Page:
How To Measure Your Stress Level.

Dec 5th, 2010 | By Paul | Category: Career advice, abundance, challenges, fear, measuring stress levels, stress

Happy Holidays

As the year gallops towards the finish line, professional and personal stress seems to increase. All of a sudden it seems like everything needs done, and everyone wants it now.

Everyone reacts to situations and stress differently. In most cases it is personal perception that causes stress more than actual events. In other words it is the way we think about things that causes stress. Some stress is healthy and necessary for most of us to achieve our potential. On the other hand too much stress may cause both physical and mental problems. It is important to deal effectively with stress to keep functioning on an even keel.

Perhaps the most useful and widely accepted definition of stress was defined mainly by the work of Richard S. Lazarus: Stress is a condition or feeling experienced when a person perceives that “demands exceed the personal and social resources the individual is able to mobilize.” In less formal terms, we feel stressed when we feel that “things are out of control”. Since the key phase …when we feel that “things are out of control” is subjective, stress is really a personal experience. While most individuals experience stress from similar situations, it is the individual’s perception that determines their stress level. The ability to deal with stress is based on several factors, but one of the key elements is how we view ourselves and our ability or responsibility to meet demands that are beyond our capabilities. The Social Readjustment Rating Scale (SRRS), more commonly known as the Holmes and Rahe Stress Scale, was created to estimate an individual’s level of stress.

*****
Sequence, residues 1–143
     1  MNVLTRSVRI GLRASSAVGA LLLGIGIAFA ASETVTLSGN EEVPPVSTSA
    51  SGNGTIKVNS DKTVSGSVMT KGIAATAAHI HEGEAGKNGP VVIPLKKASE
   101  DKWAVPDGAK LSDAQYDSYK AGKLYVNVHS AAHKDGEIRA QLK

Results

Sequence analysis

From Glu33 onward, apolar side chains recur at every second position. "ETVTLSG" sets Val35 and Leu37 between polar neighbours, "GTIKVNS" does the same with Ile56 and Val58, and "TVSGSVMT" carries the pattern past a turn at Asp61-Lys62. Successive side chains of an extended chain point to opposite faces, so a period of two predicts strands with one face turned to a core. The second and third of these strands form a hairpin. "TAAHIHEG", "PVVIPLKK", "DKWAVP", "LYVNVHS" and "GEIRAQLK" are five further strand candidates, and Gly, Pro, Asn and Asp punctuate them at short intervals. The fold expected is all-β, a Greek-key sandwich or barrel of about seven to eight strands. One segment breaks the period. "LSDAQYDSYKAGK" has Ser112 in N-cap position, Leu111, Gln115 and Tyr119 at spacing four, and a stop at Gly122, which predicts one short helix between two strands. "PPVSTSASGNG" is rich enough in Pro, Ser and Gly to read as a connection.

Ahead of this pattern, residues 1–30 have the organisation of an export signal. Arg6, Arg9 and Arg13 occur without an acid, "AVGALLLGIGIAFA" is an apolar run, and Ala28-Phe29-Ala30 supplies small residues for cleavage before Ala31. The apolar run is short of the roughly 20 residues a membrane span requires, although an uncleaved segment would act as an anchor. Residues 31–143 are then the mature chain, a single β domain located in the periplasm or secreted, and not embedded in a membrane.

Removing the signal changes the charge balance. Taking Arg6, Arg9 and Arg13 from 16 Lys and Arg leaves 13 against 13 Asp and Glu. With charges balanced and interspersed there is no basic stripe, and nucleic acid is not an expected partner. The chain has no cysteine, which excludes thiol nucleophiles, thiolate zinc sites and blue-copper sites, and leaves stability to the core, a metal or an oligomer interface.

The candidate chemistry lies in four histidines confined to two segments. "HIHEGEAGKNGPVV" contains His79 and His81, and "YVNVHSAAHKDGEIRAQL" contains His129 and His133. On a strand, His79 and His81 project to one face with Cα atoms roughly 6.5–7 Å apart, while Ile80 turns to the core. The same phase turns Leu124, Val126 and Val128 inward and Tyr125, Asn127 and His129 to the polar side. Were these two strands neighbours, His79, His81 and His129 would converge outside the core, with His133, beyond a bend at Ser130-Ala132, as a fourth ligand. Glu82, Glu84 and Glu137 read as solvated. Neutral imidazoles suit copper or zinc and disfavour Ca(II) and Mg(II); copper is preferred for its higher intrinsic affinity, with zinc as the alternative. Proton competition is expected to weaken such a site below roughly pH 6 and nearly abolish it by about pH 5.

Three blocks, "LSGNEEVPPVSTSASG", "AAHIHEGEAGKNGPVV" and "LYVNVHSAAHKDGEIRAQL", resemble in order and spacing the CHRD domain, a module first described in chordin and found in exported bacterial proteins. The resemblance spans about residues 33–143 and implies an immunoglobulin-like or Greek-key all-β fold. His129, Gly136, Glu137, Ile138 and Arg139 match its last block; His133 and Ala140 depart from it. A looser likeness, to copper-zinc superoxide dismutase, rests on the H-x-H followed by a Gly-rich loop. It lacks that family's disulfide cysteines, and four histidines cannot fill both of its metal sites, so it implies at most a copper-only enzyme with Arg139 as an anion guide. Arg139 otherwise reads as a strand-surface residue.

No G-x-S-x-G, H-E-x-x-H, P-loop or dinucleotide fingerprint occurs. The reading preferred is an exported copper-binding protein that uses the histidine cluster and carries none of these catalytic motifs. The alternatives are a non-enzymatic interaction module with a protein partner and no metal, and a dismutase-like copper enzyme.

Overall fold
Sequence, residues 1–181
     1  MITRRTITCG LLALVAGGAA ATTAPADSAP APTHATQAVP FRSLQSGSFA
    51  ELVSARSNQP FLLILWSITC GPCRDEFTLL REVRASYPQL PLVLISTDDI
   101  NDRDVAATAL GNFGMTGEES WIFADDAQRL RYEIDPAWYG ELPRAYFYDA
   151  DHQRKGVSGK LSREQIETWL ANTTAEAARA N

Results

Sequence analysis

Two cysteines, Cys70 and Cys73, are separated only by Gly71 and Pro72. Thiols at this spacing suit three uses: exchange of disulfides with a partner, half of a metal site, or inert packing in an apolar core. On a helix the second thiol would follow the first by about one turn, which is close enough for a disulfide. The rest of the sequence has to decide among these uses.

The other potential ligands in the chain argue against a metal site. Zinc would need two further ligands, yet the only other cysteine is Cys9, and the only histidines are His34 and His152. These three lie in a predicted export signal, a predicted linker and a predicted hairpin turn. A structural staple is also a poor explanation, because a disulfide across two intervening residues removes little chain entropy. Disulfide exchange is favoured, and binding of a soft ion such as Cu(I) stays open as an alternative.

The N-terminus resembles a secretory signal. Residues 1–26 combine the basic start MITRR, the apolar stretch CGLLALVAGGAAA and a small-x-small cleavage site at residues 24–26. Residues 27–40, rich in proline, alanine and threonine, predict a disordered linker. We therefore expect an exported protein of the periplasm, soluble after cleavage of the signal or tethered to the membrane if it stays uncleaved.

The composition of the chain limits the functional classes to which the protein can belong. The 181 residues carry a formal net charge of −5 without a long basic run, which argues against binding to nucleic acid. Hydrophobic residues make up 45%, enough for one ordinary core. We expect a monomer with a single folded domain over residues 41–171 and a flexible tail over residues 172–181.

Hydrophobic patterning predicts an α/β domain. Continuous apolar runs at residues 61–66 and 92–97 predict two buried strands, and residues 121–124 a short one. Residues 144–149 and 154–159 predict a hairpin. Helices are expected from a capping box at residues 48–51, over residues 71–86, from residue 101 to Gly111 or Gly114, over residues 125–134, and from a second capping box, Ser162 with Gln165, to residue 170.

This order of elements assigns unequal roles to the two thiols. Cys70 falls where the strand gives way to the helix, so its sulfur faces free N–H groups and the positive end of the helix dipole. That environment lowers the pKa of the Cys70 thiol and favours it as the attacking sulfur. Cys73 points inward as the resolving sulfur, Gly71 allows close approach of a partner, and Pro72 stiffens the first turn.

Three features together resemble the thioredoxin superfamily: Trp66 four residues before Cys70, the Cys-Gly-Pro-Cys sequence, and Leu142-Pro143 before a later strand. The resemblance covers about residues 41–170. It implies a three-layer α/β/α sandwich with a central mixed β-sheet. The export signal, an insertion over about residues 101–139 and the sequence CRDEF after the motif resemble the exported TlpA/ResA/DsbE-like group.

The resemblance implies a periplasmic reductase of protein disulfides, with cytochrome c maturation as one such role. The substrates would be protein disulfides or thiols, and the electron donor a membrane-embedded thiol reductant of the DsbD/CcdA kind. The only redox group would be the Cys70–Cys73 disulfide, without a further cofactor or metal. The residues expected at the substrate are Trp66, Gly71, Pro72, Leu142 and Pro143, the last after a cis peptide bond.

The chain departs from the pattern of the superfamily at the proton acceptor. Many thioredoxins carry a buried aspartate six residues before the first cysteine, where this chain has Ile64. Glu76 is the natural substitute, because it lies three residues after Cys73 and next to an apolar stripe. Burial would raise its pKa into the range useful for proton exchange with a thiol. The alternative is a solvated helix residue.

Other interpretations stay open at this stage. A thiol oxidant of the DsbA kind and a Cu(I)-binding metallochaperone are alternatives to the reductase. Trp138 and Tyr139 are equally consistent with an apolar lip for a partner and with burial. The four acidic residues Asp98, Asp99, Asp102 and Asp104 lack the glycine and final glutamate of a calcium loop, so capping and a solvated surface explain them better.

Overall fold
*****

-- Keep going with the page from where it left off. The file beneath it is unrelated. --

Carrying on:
Below is a copy of the test and scoring. (retrieved 12/05/2010 from http://chipts.cch.ucla.edu/assessment/Assessment_Instruments/Assessment_files_new/assess_srrs.htm)

Assessment:
1. Death of a spouse 100
2. Divorce 73
3. Marital Separation 65
4. Jail term 63
5. Death of a close family member 63
6. Personal injury or illness 53
7. Marriage 50
8. Fired at work 47
9. Marital reconciliation 45
10. Retirement 45
11. Change in health of family member 44
12. Pregnancy 40
13. Sex difficulties 39
14. Gain of a new family member 39
15. Business readjustments 39
16. Change in financial state 38
17. Death of a close friend 37
18. Change to different line of work 36
19. Change in no. of arguments with spouse 35
20. Mortgage over $ 50,000 31
21. Foreclosure of mortgage 30
22. Change in responsibilities at work 29
23. Son or daughter leaving home 29
24. Trouble with in-laws 29
25. Outstanding Personal achievements 28
26. Wife begins or stops work 26
27. Begin or end school 26
28. Change in living conditions 25
29. Revision of personal habits 24
30. Trouble with boss 23
31. Change in work hours or conditions 20
32. Change in residence 20
33. Change in school 20
34. Change in recreation 19
35. Change in religious activities 19
36. Change in social activities 18
37. Loan less than 50,000 17
38. Change in sleeping habits 16
39. Change in no. of family get- together 15
40. Change in eating habits 15
41. Vacation 13
42. Holidays 12
43. Minor violation of laws 11

SCORING
Each event should be considered if it has taken place in the last 12 months. Add values to the right of each item to obtain the total score.
Your susceptibility to illness and mental health problems:
Low < 149 Mild = 150-200 Moderate = 200-299 Major >300

This is only an estimate of your stress level and should not be used for anything more than to bring your awareness it your current stress level. If your stress level is moderate to major you should consider taking steps to reduce or cope with your stress level. Good luck and relax. The PracticaL Mentor

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  1. Very good test.

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